The ‘Framing Britney Spears’ Documentary Is Finally Coming To Australia, And It’s A Must-Watch

The NYT doco takes a deep dive into the #FreeBritney movement

In the past twelve months, fans of pop icon Britney Spears have been vocal about their concerns over her mental health—creating the now-viral #FreeBritney movement that seeks to see her father, Jamie Spears, removed as her conservator. The ongoing drama over her conservatorship—which has been in place since 2008—was explored in a new documentary, Framing Britney Spearsas part of The New York Times Presents series.

While those of us in Australia have watched on at the response of the explosive doco—including a judge ruling against her father Jamie Spears in a new court proceeding—we’ll finally be able to watch it for ourselves, with news it will premiere on Tuesday, March 2, at 9pm on Channel Nine (right after Married At First Sight). 

“People close to Britney Spears and lawyers tied to her conservatorship now reassess her career as she battles her father in court over who should control her life,” a description of the documentary reads. 

While Spears herself is not involved in the documentary, a newly released sneak peek shows that several people involved in the #FreeBritney movement will make appearances.

Take a look below: 

Interested in learning more? Below, everything to know about Spears’ ongoing drama and the upcoming documentary, Framing Britney Spears. 

When Did Britney Spears’ Conservatorship Begin? 

In February 2008, Britney Spears was put under a temporary psychiatric hold in Los Angeles, where she was treated at a UCLA facility following a mental breakdown. Following those measures, her father and an attorney were granted a temporary—then permanent in October 2008—conservatorship over her assets, estate, and business affairs. 

The order has been in place ever since, although her father stepped down as a conservator in September 2019 due to “personal health reasons”, with Britney’s longtime “care manager”, Jodi Montgomery, taking his place.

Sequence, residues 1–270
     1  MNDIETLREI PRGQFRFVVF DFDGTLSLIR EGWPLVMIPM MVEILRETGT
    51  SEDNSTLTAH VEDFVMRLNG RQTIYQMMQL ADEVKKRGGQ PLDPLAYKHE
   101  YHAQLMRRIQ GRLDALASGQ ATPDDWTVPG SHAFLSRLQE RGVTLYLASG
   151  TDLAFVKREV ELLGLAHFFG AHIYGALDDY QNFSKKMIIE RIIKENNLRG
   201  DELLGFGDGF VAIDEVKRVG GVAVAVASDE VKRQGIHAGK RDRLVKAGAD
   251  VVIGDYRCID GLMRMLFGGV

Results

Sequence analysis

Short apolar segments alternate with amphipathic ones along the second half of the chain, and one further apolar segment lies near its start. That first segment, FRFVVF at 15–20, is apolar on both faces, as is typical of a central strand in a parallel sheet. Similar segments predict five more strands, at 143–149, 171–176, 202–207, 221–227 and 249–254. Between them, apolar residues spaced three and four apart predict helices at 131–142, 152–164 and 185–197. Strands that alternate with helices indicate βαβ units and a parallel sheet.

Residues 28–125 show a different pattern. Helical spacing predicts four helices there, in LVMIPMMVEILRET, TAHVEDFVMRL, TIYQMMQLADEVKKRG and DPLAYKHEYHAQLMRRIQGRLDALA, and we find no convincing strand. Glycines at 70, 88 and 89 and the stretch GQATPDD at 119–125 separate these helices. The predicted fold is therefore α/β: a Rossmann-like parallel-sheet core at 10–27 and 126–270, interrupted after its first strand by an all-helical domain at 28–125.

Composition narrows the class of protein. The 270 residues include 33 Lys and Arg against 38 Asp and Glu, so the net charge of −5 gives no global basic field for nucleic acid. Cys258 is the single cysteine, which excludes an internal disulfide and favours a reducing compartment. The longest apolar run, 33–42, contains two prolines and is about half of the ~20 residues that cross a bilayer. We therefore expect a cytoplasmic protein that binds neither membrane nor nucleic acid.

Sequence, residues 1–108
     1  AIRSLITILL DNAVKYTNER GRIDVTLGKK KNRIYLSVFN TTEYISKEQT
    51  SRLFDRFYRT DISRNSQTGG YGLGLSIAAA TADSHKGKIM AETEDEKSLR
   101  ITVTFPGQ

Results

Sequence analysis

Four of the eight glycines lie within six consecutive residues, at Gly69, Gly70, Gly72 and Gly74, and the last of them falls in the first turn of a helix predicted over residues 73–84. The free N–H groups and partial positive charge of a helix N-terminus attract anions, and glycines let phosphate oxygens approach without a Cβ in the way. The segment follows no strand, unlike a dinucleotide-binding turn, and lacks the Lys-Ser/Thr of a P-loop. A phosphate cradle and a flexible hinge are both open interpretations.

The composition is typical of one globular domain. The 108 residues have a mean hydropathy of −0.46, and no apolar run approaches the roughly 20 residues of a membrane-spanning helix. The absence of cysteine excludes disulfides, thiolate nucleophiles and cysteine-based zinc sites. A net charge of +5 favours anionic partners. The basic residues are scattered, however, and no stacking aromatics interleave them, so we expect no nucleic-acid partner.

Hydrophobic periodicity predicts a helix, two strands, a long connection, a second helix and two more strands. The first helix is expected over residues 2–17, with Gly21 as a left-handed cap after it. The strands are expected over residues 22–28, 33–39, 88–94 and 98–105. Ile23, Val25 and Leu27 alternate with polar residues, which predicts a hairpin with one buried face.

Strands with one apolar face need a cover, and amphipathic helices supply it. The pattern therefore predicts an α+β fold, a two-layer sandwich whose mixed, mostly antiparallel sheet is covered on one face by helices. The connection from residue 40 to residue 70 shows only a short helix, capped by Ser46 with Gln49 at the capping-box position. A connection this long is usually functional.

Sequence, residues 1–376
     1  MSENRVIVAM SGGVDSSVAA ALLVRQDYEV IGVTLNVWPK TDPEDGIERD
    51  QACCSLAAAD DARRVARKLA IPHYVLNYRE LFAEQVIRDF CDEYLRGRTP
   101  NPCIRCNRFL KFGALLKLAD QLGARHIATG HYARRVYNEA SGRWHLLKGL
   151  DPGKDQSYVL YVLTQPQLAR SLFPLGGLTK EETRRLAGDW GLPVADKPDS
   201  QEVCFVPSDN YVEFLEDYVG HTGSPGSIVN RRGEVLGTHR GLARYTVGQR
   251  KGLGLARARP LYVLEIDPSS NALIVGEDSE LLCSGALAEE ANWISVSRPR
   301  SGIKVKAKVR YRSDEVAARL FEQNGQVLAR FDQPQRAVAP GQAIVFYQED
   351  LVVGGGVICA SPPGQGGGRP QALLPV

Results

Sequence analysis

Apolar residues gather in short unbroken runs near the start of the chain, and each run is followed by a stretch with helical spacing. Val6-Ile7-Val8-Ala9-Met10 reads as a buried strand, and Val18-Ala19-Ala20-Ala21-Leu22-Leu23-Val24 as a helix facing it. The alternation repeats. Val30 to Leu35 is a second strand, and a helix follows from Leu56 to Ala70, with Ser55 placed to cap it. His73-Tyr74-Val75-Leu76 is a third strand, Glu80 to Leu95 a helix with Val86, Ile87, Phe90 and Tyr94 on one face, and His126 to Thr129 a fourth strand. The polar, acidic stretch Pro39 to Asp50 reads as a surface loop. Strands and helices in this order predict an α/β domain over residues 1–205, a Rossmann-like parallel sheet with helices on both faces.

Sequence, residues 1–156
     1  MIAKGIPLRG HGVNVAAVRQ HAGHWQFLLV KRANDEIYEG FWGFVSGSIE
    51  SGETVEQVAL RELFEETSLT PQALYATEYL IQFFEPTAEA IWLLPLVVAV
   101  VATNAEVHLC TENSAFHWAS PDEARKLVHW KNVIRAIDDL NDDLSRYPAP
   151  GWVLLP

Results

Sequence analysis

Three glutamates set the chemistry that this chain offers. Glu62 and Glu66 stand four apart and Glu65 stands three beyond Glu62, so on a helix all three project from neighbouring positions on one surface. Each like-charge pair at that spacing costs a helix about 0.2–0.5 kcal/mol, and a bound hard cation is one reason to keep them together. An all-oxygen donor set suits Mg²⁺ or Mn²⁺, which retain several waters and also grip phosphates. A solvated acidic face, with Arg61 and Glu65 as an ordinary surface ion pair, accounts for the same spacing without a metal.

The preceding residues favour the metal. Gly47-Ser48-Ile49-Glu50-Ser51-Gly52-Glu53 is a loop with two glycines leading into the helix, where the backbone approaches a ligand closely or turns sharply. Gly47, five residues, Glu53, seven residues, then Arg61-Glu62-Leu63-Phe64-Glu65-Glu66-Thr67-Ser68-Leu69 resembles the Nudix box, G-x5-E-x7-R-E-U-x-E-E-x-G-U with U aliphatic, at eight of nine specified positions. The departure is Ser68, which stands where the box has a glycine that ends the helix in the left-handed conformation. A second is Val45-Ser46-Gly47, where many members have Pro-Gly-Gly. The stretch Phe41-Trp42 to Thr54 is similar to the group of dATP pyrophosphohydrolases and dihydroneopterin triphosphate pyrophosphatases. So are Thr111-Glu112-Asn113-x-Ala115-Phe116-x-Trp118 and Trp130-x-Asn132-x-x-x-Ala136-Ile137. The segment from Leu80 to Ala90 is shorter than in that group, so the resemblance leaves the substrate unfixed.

In 2020, court documents obtained by People showed that Britney was “strongly opposed” to Jamie returning as conservator and instead “strongly prefers” that Montgomery continue in the role. 

On November 10, 2020, a judge denied Britney’s request to remove her father from her conservatorship. “That’s the subject of another discussion down the road,” Los Angeles Superior Court Judge Brenda Penny said, according to CBS. 

Per The New York Times, Britney’s conservatorship has been extended to at least 2021, and the singer’s requests—including permanently removing her father from his role—will not be approved or altered until next February.

(Credit: Getty Images)

What Exactly Is The #FreeBritney Movement? 

Amidst recent attempts by Spears to remove her father as a conservator, coupled with viral fan theories on TikTok and Instagram about the singer’s mental wellbeing, the #FreeBritney movement was igniteda fan-driven push to restore her autonomy. 

The online campaign first began on a fan website called BreathHeavy.com, back in 2009, but it began to gain traction once again in April 2019, when an anonymous voicemail was sent to Britney’s Gram, a podcast hosted by comedians Tess Barker and Barbara Gray. It came from a paralegal who claims he worked for one of Spears’ lawyers.

Since then fans involved in the #FreeBritney movement believe that the singer is sending the world messages via her Instagram page. 

One such theory has since been labelled the ‘yellow top’ theory, wherein one of Britney’s posts on TikTok, a concerned fan commented: “If you need help, wear yellow in your next video.” 

Taking to Instagram to post her next video, Britney was wearing a bright yellow top, even commenting on the look in her caption.

“My florist surprised me today by making the flower arrangement all different colours,” she captioned the video. “I was so excited I threw on my favourite yellow shirt and just had to SHARE.” 

What Has Britney Said About The #FreeBritney Movement? 

While the singer is yet to respond directly to the movement, she did say she was doing great in an Instagram video posted on November 2. 

“Hi. So I know that there have been a lot of comments and a lot of people saying a lot of different things about me, but I just want to let you guys know that I am fine,” she says in the short clip. “I’m the happiest I’ve ever been in my life. I’m sending all of you guys a lot of prayers, wishes and a lot of love.”

When Will Framing Britney Spears Be Released? 

The documentary originally aired on Feb. 5, in the U.S. and will air on Channel Nine on March 2 at 9pm. 

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